Becoming My Best Self

becoming my best self

[Guest post by Catherine Hawkins. I just met Catherine, and I am already glad we met. After submitting her first piece, I read it and thought how much I still feel this way. Maybe you or I will never quite feel like a grown up, but that’s okay too. Enjoy her piece!]

When I was little, I pictured my future self as a fully functioning adult.

I thought there would be one defining moment when I would suddenly say, Yes, I have become a woman, and the road after that would be solid and straight–no more of this winding uncertainty that seemed to be the mark of growing up.

I sometimes call myself a “recent college graduate,” although that seems misleading now that it’s been almost two years.

I still wrestle with what it means to be a “grownup.”

Does it mean moving out of your parents’ house?

Having a full-time job with benefits?

Owning a car, being married, having babies, having a mortgage?

If those are the marks of adulthood, I am failing miserably.

In one of many conversations with my father about this nagging fear that I wasn’t “measuring up,” my father said:

“That’s the big secret, Catherine. No one feels like an adult.”

It was strange to hear him, the man who raised me, say that he still does not feel like a grownup. If this 6’2″, bearded, hard-working man doesn’t feel like an adult, there is no hope for this girl.

I have always been a passionate person, so I was shocked at the heaviness graduation presented.

I loved so many things, yet I felt paralyzed.

I couldn’t commit and I couldn’t decide, and all these dreams that had seemed so beautiful – so attainable –now seemed far from possible. I felt my passion seeping away, and the fear that I have always tried to suppress came roaring out of me, immobilizing me with its strength.

For a year, I juggled part-time jobs, searched the internet for The Perfect Job, and struggled to name the growing anxiety I felt. Trusting God is difficult, and it gets even harder when you can’t envision the next week, let alone the next year.

In late August, I was thrown into a job that I never dreamed I would have.

A friend from college recommended me to a Latin teaching job at a Christian school. I think my response was:

“Oh my gosh, are you serious?”

She was serious and I was intrigued, and I knew as soon as I walked in for the interview that this was where I was supposed to be.

Since then, I have been stretched and challenged, and every day I wake up and think:

“Wow, so I do it again? I go to the same place again? I teach Latin again?”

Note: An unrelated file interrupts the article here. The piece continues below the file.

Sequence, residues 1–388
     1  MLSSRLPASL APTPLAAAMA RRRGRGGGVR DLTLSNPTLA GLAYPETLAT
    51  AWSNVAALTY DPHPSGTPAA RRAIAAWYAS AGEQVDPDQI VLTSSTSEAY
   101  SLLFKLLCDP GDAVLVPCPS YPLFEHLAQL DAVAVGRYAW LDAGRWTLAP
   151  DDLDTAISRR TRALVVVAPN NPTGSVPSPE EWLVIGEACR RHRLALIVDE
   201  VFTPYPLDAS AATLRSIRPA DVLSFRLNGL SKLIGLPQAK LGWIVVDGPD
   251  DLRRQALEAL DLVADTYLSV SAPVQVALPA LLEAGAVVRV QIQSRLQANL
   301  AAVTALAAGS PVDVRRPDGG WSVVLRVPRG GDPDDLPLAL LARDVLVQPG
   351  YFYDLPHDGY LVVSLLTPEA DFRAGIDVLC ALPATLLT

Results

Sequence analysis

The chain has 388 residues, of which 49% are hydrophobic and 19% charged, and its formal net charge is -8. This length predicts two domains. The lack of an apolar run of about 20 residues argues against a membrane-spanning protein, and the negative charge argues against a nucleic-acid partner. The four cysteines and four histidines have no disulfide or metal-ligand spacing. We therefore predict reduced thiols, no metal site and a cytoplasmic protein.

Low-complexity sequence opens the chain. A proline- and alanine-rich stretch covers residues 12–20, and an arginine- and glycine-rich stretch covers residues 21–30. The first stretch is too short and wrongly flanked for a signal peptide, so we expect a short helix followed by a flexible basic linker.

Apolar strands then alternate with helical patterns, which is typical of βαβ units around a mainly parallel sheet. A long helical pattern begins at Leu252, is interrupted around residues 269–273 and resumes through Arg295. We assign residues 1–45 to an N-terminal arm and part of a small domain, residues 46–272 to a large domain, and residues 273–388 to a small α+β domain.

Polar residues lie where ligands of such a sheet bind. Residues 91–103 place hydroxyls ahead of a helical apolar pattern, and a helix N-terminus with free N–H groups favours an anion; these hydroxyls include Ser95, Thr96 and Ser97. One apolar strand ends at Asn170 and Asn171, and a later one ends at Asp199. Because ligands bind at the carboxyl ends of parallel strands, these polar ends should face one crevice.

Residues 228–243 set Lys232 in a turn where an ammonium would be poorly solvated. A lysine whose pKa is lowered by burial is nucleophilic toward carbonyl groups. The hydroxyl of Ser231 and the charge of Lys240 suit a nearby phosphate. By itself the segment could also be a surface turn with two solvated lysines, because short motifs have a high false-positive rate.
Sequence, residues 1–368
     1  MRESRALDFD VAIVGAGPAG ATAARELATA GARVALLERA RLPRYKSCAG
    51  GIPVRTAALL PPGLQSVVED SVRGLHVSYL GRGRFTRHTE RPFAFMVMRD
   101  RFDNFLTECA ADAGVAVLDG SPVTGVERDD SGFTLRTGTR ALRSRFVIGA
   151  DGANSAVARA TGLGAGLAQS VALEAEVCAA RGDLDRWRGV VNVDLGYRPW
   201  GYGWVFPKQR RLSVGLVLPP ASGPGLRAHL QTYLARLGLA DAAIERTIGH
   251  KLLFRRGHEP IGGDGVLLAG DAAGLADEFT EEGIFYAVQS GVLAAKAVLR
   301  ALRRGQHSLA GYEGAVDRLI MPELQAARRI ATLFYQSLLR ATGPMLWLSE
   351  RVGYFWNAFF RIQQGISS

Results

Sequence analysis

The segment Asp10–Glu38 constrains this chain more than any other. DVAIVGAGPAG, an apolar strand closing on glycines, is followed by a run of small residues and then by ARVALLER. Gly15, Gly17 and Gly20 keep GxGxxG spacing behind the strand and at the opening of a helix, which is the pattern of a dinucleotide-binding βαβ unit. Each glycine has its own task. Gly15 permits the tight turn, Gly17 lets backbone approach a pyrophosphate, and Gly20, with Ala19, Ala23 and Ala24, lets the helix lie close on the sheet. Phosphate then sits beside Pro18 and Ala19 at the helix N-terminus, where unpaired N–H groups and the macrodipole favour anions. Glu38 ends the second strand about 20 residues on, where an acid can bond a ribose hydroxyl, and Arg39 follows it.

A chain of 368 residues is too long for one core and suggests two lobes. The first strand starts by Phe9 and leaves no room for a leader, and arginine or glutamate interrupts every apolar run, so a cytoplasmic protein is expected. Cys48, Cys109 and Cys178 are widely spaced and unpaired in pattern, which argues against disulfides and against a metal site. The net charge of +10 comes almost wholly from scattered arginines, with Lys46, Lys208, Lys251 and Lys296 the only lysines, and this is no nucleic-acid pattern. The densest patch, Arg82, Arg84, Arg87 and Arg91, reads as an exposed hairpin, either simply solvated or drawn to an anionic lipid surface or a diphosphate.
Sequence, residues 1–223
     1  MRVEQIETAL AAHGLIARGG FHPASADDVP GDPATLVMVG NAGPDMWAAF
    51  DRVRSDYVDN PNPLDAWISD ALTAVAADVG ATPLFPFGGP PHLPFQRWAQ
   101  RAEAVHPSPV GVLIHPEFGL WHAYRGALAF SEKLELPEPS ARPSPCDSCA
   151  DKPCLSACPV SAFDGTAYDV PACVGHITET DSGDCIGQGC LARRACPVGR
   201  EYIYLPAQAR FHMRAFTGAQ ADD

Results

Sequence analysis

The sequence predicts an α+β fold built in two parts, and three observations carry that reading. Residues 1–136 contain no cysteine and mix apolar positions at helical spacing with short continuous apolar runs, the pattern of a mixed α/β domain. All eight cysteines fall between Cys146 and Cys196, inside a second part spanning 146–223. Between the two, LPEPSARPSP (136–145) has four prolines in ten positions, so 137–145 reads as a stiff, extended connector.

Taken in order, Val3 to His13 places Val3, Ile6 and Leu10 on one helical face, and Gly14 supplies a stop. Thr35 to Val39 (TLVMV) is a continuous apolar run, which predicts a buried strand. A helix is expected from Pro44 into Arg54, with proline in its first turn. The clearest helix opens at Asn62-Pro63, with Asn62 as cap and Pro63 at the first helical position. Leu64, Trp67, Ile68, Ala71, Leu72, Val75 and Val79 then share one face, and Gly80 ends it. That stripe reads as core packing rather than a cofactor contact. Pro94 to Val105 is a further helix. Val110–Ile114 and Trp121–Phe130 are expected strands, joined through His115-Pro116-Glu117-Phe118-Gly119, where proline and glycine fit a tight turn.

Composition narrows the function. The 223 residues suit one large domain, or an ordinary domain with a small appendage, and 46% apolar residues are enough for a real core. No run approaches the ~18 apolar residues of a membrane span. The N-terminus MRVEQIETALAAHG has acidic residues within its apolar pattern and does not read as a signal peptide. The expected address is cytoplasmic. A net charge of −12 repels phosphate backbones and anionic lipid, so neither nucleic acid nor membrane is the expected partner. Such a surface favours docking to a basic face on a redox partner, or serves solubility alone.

This will be a lifelong struggle, I think, becoming okay with repetition, with rhythms.

It seems God doesn’t wait for us to grow up. He pushes us along and says,

“Trust me.”

The other day, I watched the kids gather their backpacks and head for home.

The hall was full, the kids were happy, and I watched, smiling. One of my sixth grade girls saw me through the window. Her eyes lit up, and she waved excitedly.

“Hi, Miss Hawkins!” she said.

I waved back. And then I thought,

“Oh my gosh, I have become Miss Hawkins.”

I am becoming my best self.

I thought I would be so different by this point, that I would have everything figured out. I thought I would have settled down into a calmer, more thoughtful, more loving me.

It should be noted that the very same evening after I was joyously called “Miss Hawkins” and admired for my “pretty outfits,” I got in a fight with my sister over the silliest thing. My life is a constant foil of itself.

Becoming Miss Hawkins has taken less time than I thought.

At the same time, the result is very different, too. I am still, in a lot of ways, the same girl I was when I was seven, planning Laura Ingalls Wilder Club meetings, writing stories, and wishing someday to be a beautiful, smart, kind writer-woman who surrounds herself with lovely people and good books.

I have ninety-nine children who call me Miss Hawkins. Ninety-nine people who will always think of me as their Latin teacher, their Magistra, the one who sang all the time and laughed too much at Latin jokes.

I have officially become Miss Hawkins.

catherine hawkinsCatherine Hawkins is a lover of words, music, coffee, and sunlight. She recently found herself teaching Latin, and she hopes to keep doing so for a good long time. She writes about these and other things at

[Picture: Danikapierce, Creative Commons]



  • Katie Axelson

    I think we graduated at the same time and of those “grown up” things you listed, I’ve only done one. I don’t live with my parents but have a collect of part-time jobs (I prefer the term “freelance”). My degree’s in English and some of the best job suggestions I’ve had are: music critic, army, saleswoman.

    • Catherine Hawkins

      Yes! Freelance is a great term! The English Major Soldier – it might work. I think there’s a pretty good number of us, and even if not all the particulars are exactly the same, maybe the surprise at having grown up is still there. Good luck with your freelancing!